Virginia Panico, long-time Executive Vice President/ CEO of the Key West Chamber of Commerce, announced she will retire at the conclusion of her current contract on Dec. 31.
Panico, a Staten Island native, arrived in Key West in 1974 “as an ambitious young woman looking to make my mark in a business community dominated by men,” she said. Just like Panico, at that time, the city of Key West was redefining its identity. And whether the timing was divine or by pure coincidence, the two will be forever linked.
Early on, Panico served as the head of the Hotel and Motel Association, which laid the hospitality and tourism groundwork well before the TDC.
Panico joined the Key West Chamber in 1978 as owner of the El Patio Motel and joined the board in 1979. By 1985, Panico served as president of the Key West chamber board and volunteered to run the chamber after the unexpected departure of the executive director.
“There was a time where I was still serving as a city commissioner and the president of the chamber,” said Panico. “I was running the chamber as a volunteer my first year on the job.”
Afterward, Panico applied for the open executive vice president position, in a field of 132 applicants. She eventually landed the position, becoming the chamber’s CEO for the past 28 years.
“When I walked into the chamber, there was literally a chair with three wheels on it for a staff member to sit in,” said Panico. “But I hope we have made a difference in this community over the past three decades. Not just for businesses, but for everyone who lives here.”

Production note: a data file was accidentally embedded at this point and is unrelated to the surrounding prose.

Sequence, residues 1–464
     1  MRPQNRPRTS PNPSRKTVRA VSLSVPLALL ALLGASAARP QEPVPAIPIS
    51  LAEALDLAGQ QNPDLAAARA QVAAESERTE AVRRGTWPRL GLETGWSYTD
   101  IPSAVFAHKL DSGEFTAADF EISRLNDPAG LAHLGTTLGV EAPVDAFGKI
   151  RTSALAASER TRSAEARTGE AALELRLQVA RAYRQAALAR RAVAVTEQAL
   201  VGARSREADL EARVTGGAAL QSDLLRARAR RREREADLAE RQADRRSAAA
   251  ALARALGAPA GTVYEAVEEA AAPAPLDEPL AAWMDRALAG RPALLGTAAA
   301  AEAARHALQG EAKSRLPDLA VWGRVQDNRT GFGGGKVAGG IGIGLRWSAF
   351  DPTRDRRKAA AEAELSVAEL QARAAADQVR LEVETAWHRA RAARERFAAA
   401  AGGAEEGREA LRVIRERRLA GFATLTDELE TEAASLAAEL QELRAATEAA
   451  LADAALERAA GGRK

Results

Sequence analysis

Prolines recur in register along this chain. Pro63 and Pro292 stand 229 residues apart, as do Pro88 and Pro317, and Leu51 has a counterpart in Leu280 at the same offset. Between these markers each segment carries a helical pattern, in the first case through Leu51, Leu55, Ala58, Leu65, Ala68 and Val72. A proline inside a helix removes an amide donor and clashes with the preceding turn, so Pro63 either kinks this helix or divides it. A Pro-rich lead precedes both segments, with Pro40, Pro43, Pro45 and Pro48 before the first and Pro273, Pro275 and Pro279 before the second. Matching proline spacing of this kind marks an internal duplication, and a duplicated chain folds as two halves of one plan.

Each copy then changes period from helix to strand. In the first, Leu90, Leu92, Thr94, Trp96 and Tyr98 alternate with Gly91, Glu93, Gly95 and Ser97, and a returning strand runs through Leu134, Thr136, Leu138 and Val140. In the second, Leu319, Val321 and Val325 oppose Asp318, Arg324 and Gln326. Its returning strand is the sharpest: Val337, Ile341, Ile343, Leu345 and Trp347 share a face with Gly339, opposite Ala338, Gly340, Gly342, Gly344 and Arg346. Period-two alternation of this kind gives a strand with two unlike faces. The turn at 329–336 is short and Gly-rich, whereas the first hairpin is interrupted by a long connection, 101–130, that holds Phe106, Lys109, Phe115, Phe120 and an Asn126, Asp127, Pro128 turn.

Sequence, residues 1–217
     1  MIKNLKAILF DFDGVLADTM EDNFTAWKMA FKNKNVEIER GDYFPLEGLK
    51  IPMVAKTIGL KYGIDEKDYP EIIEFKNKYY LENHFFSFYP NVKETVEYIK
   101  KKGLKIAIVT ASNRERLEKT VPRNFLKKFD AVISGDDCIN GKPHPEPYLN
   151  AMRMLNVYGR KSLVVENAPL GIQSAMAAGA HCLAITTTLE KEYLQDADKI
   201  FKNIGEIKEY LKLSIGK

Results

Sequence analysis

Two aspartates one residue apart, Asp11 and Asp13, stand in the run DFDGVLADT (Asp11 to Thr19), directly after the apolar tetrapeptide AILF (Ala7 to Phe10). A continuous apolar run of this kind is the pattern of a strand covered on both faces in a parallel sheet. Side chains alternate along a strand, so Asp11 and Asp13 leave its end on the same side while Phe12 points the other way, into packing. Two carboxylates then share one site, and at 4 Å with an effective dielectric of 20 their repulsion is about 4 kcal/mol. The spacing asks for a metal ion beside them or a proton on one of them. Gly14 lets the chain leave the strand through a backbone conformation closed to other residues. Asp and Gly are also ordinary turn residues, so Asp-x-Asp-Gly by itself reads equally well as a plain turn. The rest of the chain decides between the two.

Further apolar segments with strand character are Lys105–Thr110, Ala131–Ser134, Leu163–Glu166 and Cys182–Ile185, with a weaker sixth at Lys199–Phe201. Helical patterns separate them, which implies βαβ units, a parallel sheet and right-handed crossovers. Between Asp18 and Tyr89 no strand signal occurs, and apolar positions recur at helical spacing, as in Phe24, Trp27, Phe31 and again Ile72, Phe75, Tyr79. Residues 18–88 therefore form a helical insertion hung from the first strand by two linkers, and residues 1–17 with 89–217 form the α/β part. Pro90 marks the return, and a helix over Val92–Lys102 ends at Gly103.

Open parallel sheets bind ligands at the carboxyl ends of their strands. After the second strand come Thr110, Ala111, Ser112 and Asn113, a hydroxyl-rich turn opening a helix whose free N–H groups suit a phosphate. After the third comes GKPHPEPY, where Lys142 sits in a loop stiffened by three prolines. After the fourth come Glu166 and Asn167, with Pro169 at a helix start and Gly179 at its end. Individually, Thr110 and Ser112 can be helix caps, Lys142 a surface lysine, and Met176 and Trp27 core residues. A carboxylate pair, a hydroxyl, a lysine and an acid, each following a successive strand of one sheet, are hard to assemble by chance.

During her tenure, Panico has been awarded the Athena Award, the Billy Applerouth Award and the Hall of Fame Award — just to name a few. But she says her success has always been grounded in a staff that shared her vision for the residents of Key West.
“People forget that business owners live here too,” said Panico. “We share the island together and you cannot separate the people from the businesses. That’s why it has always been important for this chamber to support the arts, education and health aspects of the community — along with our businesses.”
Like many of her pioneering Key West influences, Panico often credits icons like Frank Toppino, Frank Romano, Joe Pinder, John Koenig and Margo Golan, who she says “taught me how powerful a woman can be in business. … When she walked into a room, everyone watched and listened.”
The Key West chamber board will begin a search for a new CEO in the near future.